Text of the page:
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Steel Tariff Buoy Houston Fiberglass Costume Manufacturer

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Houston glass fiber makers are seeing growth in the case of significant increases in imported steel and aluminum prices.

Champion Fiberglass costume manufacturer fiberglass pipes used to protect wires and telecommunications lines, and the company is seeking more calls from potential customers switching to more expensive steel pipes. Glass fiber is a plastic reinforced with glass fiber.

“We see more and more problems due to tariffs,” said Goran Haag, president and founder of Champion Fiberglass. “Because of the higher prices, this will definitely help our business. We have become very, very busy.”

U.S. President Donald Trump announced last month that it imposed tariffs on 25% of steel and 10% of aluminum products from most countries, exacerbating trade tensions with China. The tariffs that caused China’s trade complaints on Tuesday will bring winners and losers to the economy, prompt the US steel and aluminum producers to pendulum, and criticize manufacturers that have long relied on overseas metal manufacturing equipment.

According to the Houston Houston Cooperation Organization, Houston’s manufacturing industry accounts for 7.5% of all jobs in the region, but the largest contributor to domestic product growth in the region accounts for US$1 per 6 US dollars for economic output in the region.

Champion Fiberglass hopes to be able to use tariffs for its ever-growing demand for cheaper fiberglass products. The spring-based company plans to add a third production line this summer to double production. Haag said that once the expansion plan is completed in early 2019, it will allow the company to hire 15 to 20 new employees each day and produce 10 miles of fiberglass pipes.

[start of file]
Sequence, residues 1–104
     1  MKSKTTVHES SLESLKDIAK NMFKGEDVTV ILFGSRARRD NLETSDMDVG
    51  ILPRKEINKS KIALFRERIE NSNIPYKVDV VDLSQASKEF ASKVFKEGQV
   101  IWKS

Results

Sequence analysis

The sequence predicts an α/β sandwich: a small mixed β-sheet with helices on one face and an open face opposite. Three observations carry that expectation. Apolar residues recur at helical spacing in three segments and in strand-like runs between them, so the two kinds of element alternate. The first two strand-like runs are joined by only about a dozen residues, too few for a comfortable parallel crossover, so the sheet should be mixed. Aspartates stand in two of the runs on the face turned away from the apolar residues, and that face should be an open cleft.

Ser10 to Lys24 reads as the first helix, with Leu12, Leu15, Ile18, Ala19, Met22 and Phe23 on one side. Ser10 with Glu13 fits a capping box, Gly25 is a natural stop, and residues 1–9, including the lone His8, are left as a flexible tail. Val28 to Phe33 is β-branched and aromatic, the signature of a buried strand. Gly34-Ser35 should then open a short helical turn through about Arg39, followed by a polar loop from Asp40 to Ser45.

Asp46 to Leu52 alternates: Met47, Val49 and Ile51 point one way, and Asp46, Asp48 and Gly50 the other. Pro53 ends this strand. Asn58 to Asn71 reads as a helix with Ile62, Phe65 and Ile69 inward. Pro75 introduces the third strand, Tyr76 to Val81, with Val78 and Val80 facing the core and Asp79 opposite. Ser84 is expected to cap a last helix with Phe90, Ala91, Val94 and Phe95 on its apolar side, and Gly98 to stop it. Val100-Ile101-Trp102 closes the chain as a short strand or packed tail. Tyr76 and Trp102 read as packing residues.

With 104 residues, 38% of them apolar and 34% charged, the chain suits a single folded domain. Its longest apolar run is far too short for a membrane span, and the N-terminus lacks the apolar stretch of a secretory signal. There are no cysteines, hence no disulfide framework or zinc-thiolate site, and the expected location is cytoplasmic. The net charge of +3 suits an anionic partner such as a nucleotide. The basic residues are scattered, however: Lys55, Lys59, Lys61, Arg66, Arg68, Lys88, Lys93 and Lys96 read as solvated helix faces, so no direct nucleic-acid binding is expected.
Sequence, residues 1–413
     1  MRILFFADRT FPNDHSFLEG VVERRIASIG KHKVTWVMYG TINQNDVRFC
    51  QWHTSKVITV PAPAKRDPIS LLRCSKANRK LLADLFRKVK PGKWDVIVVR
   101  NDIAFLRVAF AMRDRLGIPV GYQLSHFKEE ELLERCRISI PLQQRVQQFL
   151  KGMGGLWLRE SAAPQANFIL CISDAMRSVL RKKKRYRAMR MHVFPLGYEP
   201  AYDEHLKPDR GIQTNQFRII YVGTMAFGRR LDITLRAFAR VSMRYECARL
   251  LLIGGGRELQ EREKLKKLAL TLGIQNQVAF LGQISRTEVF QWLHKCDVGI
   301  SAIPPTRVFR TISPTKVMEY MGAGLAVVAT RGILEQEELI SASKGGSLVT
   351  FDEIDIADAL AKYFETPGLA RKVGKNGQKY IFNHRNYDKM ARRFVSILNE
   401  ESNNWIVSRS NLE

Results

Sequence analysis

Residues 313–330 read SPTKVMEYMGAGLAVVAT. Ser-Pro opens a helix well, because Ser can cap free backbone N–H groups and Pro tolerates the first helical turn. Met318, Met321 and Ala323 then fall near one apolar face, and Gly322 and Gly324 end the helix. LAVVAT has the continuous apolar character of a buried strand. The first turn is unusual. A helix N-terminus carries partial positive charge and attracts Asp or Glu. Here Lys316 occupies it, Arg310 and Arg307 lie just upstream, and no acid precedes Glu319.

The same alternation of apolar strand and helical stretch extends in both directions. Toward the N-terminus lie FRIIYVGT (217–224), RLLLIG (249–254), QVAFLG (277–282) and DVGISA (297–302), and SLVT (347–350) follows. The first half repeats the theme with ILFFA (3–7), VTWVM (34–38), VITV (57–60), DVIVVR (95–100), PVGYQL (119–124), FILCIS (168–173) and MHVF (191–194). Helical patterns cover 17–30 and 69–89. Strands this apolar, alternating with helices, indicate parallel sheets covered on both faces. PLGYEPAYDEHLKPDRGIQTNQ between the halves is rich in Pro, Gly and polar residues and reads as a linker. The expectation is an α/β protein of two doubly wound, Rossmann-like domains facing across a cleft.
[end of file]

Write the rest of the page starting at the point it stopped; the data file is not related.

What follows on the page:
Steel tariffs will increase the cost of the 22,400 square foot new construction of the Champion Glass Fiber Company. However, increased construction costs should be offset by business growth, Haag said. Sales of Champion fiberglass products have grown by 15% annually over the past decade, and he expects it to continue for at least a decade.

According to Technavio, a global technology research and consulting company, the global market for glass fiber construction products is expected to grow to US$4.9 billion by 2021 with an annual growth rate of 6%.

Chemical engineer Haag said: “The fiberglass and composites industry is indeed the future.” “This is an exciting time.”

Champion Fiberglass celebrated its 30-year business this summer, covering 15 acres near Kuykendall and Grand Parkway, with 110 employees and 77,000 square feet of costume manufacturer and office space.

Haag said the company’s products can be found in the New York World Trade Center subway tunnel, the Microsoft data center in Iowa, and many refineries near the Houston Ship Channel. He said that industrial companies like to use fiberglass tubes because they are cheaper to manufacture and install than steel tubes, and they are more fire resistant than PVC tubes.

Although Champion FRP can benefit from steel tariffs, Haag said he does not support them.

“Although I benefited from it, I believe in free trade,” said Hage, who is a Swedish transplanter and moved to the United States in 1986. “I think this is good for everyone.”

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